Rising prices are driving out investors

By Real Estate Economy Watch

Investor participation in the housing market fell to 21.9 percent of all transactions in July, from 23.5 percent in June, based on a three-month moving average. Investor participation back in May of this year hit a two-year peak of 25.3 percent of all transactions.

Real estate agents responding to the HousingPulse survey indicated that recent price increases caused the sharp reversal in investor interest. “Investors are dropping out due to the increase in prices,” reported an agent in California. “Prices are too high here for investors,” added an agent in Massachusetts.


“Smart money” is beginning to leave from the market, according to HousingPulse survey respondents. “Investors are having a hard time finding what they want. Starting to see ‘dumb’ investors enter the market, the ’smart’ ones are exiting the buying,” reported an agent from Arizona.

“Investors need a deal. There are not as many opportunities as there was this time last year. It seems all the rookie investors are buying now and paying too much,” observed an agent in Florida.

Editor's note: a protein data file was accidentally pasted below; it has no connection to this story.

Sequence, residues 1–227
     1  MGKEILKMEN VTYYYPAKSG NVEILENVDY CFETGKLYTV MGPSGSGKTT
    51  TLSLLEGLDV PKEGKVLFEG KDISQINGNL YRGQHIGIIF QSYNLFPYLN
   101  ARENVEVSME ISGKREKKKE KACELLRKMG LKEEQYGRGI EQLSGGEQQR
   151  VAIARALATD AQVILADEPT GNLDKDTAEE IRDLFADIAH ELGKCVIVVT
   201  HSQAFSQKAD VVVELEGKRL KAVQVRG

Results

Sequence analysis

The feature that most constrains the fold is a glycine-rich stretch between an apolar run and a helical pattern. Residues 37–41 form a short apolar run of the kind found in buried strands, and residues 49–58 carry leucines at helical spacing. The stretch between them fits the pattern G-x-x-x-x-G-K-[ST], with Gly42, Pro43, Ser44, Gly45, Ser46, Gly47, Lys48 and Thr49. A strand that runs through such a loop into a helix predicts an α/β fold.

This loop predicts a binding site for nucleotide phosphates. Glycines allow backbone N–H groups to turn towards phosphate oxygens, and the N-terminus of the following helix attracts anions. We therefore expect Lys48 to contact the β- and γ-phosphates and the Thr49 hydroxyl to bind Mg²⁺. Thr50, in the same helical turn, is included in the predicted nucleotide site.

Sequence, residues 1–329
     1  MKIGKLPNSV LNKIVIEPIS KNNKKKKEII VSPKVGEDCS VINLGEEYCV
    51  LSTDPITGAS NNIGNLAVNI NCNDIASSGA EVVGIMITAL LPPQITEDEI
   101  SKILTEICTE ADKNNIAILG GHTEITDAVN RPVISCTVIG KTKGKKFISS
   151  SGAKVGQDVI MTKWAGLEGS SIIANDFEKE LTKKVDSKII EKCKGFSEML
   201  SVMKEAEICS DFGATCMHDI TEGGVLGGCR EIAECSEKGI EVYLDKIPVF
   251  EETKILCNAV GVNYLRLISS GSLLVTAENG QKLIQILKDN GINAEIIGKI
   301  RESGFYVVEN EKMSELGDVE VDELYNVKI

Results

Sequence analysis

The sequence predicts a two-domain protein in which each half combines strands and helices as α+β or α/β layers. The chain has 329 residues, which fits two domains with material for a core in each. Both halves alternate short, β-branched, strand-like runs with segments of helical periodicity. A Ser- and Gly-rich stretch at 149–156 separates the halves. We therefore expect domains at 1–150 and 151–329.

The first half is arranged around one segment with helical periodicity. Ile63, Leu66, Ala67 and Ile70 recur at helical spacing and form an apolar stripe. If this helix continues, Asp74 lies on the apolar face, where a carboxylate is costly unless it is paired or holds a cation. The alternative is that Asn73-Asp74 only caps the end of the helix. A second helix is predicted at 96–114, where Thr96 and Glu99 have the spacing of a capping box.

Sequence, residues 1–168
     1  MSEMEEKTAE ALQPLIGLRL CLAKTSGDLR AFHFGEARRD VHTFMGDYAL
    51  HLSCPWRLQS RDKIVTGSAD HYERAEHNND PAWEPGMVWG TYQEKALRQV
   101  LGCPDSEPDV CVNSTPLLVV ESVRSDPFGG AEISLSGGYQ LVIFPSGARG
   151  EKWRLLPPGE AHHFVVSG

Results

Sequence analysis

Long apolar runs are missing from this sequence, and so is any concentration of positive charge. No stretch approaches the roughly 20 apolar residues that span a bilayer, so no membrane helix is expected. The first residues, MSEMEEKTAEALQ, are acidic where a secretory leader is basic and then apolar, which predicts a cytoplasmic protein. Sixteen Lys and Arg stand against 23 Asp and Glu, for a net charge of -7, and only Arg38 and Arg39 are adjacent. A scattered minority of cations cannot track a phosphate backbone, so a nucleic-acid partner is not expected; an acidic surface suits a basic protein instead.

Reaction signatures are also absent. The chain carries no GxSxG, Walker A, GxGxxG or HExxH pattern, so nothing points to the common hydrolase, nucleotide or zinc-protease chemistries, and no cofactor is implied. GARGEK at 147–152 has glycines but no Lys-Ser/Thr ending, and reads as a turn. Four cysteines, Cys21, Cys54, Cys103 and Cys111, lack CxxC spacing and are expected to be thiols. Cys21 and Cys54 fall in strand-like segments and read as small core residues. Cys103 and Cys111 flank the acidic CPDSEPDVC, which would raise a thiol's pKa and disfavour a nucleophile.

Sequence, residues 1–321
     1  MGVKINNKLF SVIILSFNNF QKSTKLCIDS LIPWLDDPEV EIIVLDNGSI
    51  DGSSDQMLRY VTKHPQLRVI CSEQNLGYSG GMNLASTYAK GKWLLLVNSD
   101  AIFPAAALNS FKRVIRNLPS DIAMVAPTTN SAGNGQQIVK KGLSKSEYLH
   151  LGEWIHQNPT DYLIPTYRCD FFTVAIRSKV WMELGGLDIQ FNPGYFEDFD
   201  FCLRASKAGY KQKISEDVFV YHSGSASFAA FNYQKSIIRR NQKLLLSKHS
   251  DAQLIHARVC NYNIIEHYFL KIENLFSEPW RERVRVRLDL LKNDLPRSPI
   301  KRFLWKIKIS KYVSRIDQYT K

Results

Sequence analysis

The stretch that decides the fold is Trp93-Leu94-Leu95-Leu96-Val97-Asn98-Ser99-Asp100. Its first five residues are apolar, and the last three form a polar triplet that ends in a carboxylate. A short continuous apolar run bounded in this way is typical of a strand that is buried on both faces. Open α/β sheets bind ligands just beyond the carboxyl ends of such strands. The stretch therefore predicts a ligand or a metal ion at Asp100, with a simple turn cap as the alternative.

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The proportion of distressed properties in the housing market fell sharply to 42.2 pe rcent in July, from 45.1 percent in June and 46.1 percent in May, according to the HousingPulse Distressed Property Index (DPI). While investors often concentrate their purchases on distressed properties, the decline in investor purchases was also apparent in the non-distressed market. Investors bought 14.4 percent of non-distressed properties in May, but only 11.5 percent in July-a precipitous two-month decline.


In contrast to investors, current homeowners showed strong interest in buying homes, accounting for 43.5 percent of home purchases in July, up from 40.3 percent in May and 42.0 percent in June. Participation by first-time homebuyers was mostly flat. Use of cheap mortgage financing by current homeowners increased strongly during the months of June and July.

“Overall homebuyer demand and home price appreciation is being driven by historically low interest rates,” commented Thomas Popik, research director for Campbell Surveys. “But savvy investors are the canaries in the coal mine-they are warning that if rates rise, the high proportion of distressed properties could once again push home prices down.”

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